Tue. Dec 7th, 2021

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While the UK may have clear and strong reasons why Arm, the world leader in slide design, should not fall into American hands, the Italian government’s position on Telecom Italia to succumb to a bid by a US private equity group seems more ambiguous.

KKR has launched an offer of more than € 33 billion the weekend to take TIM private, in what would be one of the largest private equity buyouts of a European company in history. It already holds a 37.5 percent stake in Telecom Italia’s FiberCop broadband industry, but it’s a complete offering for the entire company.

TIM has been a basket among European telcoes in recent years. As Lex points out, only about a quarter of Italians have access to high-speed broadband, compared to 60 per cent of households in the EU as a whole.

KKR’s involvement (this also owns British fiber broadband provider Hyperoptic) could accelerate the rollout of fiber and possibly overcome the Italian government’s traditional habit of using its gold share to place the kibosh on any decisive ownership transactions.

The prospective deal could still be torpedoed by other vested interests, notably Vivendi’s, with its 24 per cent stake in TIM, but KKR’s move looks well in time in the context of the upheaval needed to drive fiber broadband deployment.

It’s been a busy few days for telecommunications M&A. Swedish network equipment supplier Ericsson on Monday expanded its service offering and announced that it would pays $ 6.2 billion in cash for internet telephony group Vonage, in its largest acquisition ever.

In Asia, Thai conglomerate Charoen Pokphand and Norway’s Telenor said they will merge their telecommunications units in Thailand, in an agreement that will create the kingdom’s dominant supplier worth more than $ 8.6 billion.

The internet of (five) things

1. El Salvador plans ‘bitcoin city’ driven by volcano
President Nayib Bukele said the Central American country was planning a volcano-powered “bitcoin city” partly financed by an issue of $ 1 billion in sovereign bonds backed by the cryptocurrency. We also investigated the rise of Crypto.com and if you missed it, Lucy Kellaway looks at crypto in the classroom in FT Weekend. Martha Muir reported about where crypto-mining machines ended up after China’s ban on the practice.

A tree map showing where 14 major crypto-mining companies sent their Chinese machines

2. Paytm lower 37% on IPO price
Shares in the recently listed financial services company Paytm dived for the second day in a row as traders and bankers blamed one of India’s worst market debuts on an overly ambitious valuation target. The share of Paytm, which is backed by Japan’s SoftBank, China’s Ant Group and Alibaba, closed 27 percent lower after its listing last Thursday and fell another 13 percent on Monday after a market break on Friday.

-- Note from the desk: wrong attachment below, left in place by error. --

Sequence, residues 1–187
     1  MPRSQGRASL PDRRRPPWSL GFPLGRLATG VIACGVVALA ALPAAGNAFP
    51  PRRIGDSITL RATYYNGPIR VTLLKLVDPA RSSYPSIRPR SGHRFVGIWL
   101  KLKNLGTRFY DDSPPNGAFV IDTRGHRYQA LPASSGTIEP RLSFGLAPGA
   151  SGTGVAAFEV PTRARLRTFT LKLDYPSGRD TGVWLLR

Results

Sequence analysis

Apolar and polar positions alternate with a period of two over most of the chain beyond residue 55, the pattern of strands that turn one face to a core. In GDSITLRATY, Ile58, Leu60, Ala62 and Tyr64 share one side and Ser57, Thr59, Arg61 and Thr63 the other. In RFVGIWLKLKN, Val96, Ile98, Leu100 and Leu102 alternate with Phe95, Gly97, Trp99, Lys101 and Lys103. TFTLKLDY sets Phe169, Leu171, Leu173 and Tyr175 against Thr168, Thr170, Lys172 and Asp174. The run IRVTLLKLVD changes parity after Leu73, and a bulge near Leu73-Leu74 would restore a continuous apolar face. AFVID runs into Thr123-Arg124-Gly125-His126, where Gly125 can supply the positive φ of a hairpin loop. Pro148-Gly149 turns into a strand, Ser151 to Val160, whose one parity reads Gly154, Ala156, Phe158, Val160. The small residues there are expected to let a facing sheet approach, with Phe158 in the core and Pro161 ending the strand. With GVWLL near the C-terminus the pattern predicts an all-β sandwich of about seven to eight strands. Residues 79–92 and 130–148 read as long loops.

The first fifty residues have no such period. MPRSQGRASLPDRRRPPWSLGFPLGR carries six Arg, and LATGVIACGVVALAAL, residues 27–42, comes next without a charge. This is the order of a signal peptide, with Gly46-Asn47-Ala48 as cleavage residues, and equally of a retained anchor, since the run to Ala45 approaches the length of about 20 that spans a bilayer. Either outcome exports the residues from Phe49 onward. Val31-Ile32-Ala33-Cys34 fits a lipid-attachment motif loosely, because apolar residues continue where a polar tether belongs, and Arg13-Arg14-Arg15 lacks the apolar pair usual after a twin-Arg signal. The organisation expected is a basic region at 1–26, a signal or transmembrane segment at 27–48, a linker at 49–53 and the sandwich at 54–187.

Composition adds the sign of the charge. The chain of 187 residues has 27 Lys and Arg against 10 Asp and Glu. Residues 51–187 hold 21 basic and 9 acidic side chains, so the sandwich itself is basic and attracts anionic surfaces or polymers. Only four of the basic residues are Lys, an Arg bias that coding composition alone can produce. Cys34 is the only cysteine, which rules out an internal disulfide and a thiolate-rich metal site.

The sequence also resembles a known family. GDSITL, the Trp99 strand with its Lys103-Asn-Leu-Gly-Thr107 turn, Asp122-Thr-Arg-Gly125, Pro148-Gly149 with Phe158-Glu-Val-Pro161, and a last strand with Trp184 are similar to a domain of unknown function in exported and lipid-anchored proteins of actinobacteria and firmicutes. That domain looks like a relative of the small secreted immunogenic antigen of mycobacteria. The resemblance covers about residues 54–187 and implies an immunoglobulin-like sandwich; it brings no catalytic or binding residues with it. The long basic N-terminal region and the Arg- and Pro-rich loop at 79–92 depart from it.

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Roblox hits Chinese wall
In July, online gaming company Roblox hired dancers in cosplay outfits to perform at its Shanghai opening ceremony, marking the beginning of its much-vaunted attempt to crack the Chinese market. The company stated at the time that it would provide a “hyper-digital” and “borderless world” for its new users. Four months later, Roblox struggles to make a dive into China, amid regulatory barriers and stiff competition, reported Eleanor Olcott.

4. Uber Eats Adds Weeds to Menu
Uber is cannabis addition to the list of items that can be ordered through its application, but it will be picked up for the time being only, and only for customers in Ontario, Canada. This is the first time the co-op and delivery company has offered direct access to the purchase of the drug, and comes as it continues to push for looser regulations in the US.

5. Still alive in the old Spac
Much loved by tech beginners, blank check Spac vehicles make a return, according to The Big Read. Supporters hope the new signs of life indicate that this route to public markets is maturing.

Big Read chart showing how Spac IPOs started to recover

Technical week ahead

Monday: Elizabeth Holmes, the Theranos founder accused by US prosecutors of defrauding hundreds of millions of dollars from investors expect to testify in her own criminal trial. The Zoom video conferencing platform reports figures for the third quarter as it struggles with the need to broaden its scope as staff return to the workplace and become less dependent on screen-based meetings. US financial software maker Intuit announces results for the first quarter.

Tuesday: Chinese mobile and general gadget manufacturer Xiaomi report earnings, just like ByteDance competitor Kuaishou. In the US, PC makers Dell and HP Inc have quarterly results.

Friday: Black Friday always obscures Cyber ​​Monday online, but a major strike is planned by a group calling itself “Make Amazon Pay.” It has the support of 70 unions, which say they have a number of protests at various Amazon sites.

Technical tools – Blood sugar detection buzzing

Continuous glucose monitors (CGMs), commonly used by diabetics, track glucose rates in real time via a microneedle “installed” in the upper arm. A constellation of beginners has designed applications that work with these CGMs, reported Jamie Waters. These companies are positioning glucose levels as a new measure to drive change in our diet, so – they promise – we can become our sharpest, most energetic selves. Read more

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